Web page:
- Subverted, however, in that Buffy's boyfriends never defeated her. Spike came the closest in their first clash, when he nearly bashed her brains out and only failed because Buffy's mother hit him with a fire axe. By the time they got romantically involved, however, he was suffering from an advanced case of Badass Decay. Angel gave her a run for her money on several occasions but always lost in the end. Riley's occasional sparring matches with Buffy made it very clear that Riley, for all his fancy Super Soldier augmentations, was nowhere close to her level.
- Once the Super Soldier program shut down and Riley began to lose those augmentations, though, it was also very clear that he was terrified that this trope would come into effect and Buffy would lose interest in him.
- The early episode of Star Trek: The Next Generation "Angel One" had Riker and the leader of a Women-Dominant society.
- Charmed initially plays it straight with the Cole/Phoebe relationship as he is the first alpha male figure on the show with offensive powers. Piper and Prue's love interests had either been human or just The Medic. But then later on in the show, all men with powers tended to lose them or turn evil and get vanquished.
- Firefly devotes an entire episode to subverting this, and establishing that Zoe is firmly devoted to her geeky husband and does not, nor has ever, felt any attraction to Mal. Although Wash is brilliant as a pilot, he never beats Zoe at "her own game" so to speak.
- The Fresh Prince of Bel Air did this in a Season 6 episode. Will gets beaten up by a girl at the gym. The next day, he comes back and beats her. She immediately throws herself at him.
- The title character in Marian Call's Firefly-inspired ballad "Vera Flew The Coop."
"The man who shot her through was the only man she could admire...and as she died she said 'I love you,' and Vera always told the truth."
- Implied to be a major factor in Dragon Lady's desire for Pat Ryan in Terry and the Pirates. Highlighted in the following exchange:
Pat Ryan: "Funny how women can be realistic about everything but themselves! They know they can rule an empire - but in the final pay-off they aren't satisfied unless someone rules them!"
- In the city-state of Danuvia from the Talislanta role-playing game, foreign male warriors are invited to parade themselves and compete in athletic events once a year. The highest-grade beefcake is claimed for her harem by Danuvia's queen, while her Amazon warriors bid for the companionship of the runner-ups.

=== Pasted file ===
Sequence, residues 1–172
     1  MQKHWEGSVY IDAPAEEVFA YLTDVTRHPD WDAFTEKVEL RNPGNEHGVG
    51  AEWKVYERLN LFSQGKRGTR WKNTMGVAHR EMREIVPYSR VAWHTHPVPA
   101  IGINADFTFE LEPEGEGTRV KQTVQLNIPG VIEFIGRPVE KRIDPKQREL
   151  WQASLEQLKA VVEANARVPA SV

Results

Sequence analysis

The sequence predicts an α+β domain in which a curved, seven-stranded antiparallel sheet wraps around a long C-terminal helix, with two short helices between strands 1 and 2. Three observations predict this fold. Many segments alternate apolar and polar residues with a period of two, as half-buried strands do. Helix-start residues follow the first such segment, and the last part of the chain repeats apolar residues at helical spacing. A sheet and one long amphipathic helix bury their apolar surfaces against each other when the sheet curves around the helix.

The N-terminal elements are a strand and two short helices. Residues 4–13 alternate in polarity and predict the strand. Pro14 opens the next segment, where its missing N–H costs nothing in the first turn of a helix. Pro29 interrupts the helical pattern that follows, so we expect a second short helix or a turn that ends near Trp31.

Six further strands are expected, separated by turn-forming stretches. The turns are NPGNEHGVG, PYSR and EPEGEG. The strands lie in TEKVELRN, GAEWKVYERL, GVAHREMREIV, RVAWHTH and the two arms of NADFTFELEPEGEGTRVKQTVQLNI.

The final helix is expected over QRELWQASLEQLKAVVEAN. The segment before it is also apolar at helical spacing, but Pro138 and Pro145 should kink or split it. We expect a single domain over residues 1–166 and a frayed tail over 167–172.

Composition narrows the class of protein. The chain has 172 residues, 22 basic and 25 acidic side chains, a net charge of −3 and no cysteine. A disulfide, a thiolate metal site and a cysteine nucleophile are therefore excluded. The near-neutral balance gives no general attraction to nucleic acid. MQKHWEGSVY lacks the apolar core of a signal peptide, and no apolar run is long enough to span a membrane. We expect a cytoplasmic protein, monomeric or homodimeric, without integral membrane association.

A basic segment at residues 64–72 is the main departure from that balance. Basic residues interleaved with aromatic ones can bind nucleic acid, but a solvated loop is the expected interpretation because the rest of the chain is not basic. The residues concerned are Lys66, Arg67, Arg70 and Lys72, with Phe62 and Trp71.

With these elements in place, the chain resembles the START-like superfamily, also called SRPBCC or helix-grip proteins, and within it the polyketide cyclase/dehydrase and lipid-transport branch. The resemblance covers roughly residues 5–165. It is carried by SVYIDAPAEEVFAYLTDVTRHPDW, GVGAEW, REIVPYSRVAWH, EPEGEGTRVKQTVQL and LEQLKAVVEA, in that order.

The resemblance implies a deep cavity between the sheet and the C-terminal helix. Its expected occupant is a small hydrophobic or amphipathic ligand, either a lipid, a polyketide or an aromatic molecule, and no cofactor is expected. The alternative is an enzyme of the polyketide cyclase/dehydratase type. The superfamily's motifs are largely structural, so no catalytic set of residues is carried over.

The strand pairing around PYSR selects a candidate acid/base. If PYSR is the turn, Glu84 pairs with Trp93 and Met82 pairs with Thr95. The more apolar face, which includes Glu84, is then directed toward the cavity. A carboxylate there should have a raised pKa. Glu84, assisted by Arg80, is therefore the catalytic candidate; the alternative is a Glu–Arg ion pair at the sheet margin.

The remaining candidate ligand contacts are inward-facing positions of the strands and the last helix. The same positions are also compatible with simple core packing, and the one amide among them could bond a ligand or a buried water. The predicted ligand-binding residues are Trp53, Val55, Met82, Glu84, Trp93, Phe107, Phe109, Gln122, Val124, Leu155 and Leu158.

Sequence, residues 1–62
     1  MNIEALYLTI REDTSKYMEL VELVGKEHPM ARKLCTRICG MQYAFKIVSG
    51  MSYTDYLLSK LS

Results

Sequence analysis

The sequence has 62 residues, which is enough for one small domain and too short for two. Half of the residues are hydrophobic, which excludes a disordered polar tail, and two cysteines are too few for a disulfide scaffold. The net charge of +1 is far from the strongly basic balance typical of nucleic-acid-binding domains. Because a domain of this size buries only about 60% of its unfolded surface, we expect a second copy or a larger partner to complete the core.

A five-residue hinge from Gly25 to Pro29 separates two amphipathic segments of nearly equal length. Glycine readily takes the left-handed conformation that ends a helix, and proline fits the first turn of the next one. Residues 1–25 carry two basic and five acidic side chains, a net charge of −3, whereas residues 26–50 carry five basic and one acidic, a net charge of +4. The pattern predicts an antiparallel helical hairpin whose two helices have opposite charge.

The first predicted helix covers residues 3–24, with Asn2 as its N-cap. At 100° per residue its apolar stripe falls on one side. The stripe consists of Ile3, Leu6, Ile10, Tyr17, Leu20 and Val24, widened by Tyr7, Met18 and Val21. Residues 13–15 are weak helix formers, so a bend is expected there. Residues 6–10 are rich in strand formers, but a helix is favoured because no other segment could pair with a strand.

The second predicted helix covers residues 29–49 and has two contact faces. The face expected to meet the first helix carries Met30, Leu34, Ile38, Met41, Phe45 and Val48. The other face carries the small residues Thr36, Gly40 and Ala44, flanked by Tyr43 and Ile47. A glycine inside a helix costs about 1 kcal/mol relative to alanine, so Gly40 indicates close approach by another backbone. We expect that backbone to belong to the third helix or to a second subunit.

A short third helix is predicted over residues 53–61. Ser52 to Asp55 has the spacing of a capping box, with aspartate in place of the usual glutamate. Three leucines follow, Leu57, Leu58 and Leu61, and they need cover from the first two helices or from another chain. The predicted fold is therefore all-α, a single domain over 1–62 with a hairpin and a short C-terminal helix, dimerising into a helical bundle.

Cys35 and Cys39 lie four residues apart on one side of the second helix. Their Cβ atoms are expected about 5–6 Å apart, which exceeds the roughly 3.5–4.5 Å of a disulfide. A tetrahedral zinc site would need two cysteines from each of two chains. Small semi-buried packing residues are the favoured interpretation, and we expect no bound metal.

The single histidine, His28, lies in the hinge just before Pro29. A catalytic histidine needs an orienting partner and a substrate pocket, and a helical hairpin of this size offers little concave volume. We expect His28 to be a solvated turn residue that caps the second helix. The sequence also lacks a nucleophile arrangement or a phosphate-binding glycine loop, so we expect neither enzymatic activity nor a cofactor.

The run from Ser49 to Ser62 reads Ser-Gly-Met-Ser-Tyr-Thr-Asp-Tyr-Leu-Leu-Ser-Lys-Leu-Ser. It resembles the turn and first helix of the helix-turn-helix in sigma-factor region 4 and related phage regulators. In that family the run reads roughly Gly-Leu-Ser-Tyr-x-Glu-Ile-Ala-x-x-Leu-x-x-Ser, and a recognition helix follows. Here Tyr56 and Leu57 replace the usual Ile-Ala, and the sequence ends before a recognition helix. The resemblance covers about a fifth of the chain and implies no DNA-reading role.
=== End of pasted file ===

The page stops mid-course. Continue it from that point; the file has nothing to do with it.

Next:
- The first Discworld game has a scantily clad Amazon warrior who can only marry a man who defeats her in armed combat. To the death.
- It stretches both the definition of "Amazon" and the definition of "Hercules", but Dragon Age resident Dark Magical Girl Morrigan, while not physically imposing by any means, is a strong willed, domineering, Social Darwinist who absolutely hates the concept of people submitting their wills to others. However, there are two people in the game she expresses sexual attraction to. Sten, the qunari warrior who could break her in half like a tooth pick, and a male Gray Warden. While the specifics of the Warden's physical characteristics are for the player to decide, as is his personality, in general he is portrayed as a strong willed, take-charge person with a commanding presence. A figurative Hercules if not a literal one.
- Juhani fromKnights of the Old Republic can only be painstakingly romanced after a female PC wins a vicious fight to the death against her.
- In Policenauts, if you're able to beat Meryl's high score on the shooting range, she'll let you grope her boobs. Kind of subverted in that the person she eventually reveals real interest in is her friend Dave, who could never outshoot her. Plus, her breasts make an elephant trumpet sound effect when grabbed.
- Inverted in Futurama in "Amazon Women In the Mood." The women of Amazonia attempt to execute the Hercules-like egomaniac through vigorous sex, but they find the wimpy and tiny green-skinned alien to be most attractive.
- In the animated film Heavy Metal, Den is a 98 pound weakling voiced by John Candy. Sent to an alternate dimension, he transforms into a bald, muscle-bound, loin-cloth-wearing Action Hero, "with his dork hanging out." Den joins a small raid against an evil queen's palace only to blunder into the queen in the dark. When the lights come on, he is clearly grabbing her (very much uncovered) breasts. The queen doesn't mind; a few seconds of animated sex later, she proclaims Den her messiah. About par for female characters in that movie.
- In How to Train Your Dragon, Hiccup is certain that this trope is only way to get a girlfriend, especially the smokin' Astrid. However, when Hiccup forgets about that while befriending Toothless the Dragon, he eventually is confronted by her learning his secret. To explain the situation, Hiccup and Toothless take her on an amazing flight and she later makes it clear to Hiccup that she's thoroughly won over by him, a boy capable of exhilarating wonders no mere Hercules can match.
- As mentioned in Comic Books above, Maxima also pursued Superman in the Dini-verse. At the end of that episode, she got over Superman and set her sights on Lobo! Whether that went anywhere is unknown, since the epsiode was Maxima's only appearance in the DCAU.
- Male example: Brock Samson from The Venture Brothers fell in love with Molotov Cocktease when, the first time they met, she tied him to the bed and set the building on fire.
- Queen Hippsodeth in the Aladdin series, with the unexpected result that she falls in love with the Sultan of Agrabah after he defeats her for kidnapping Jasmine.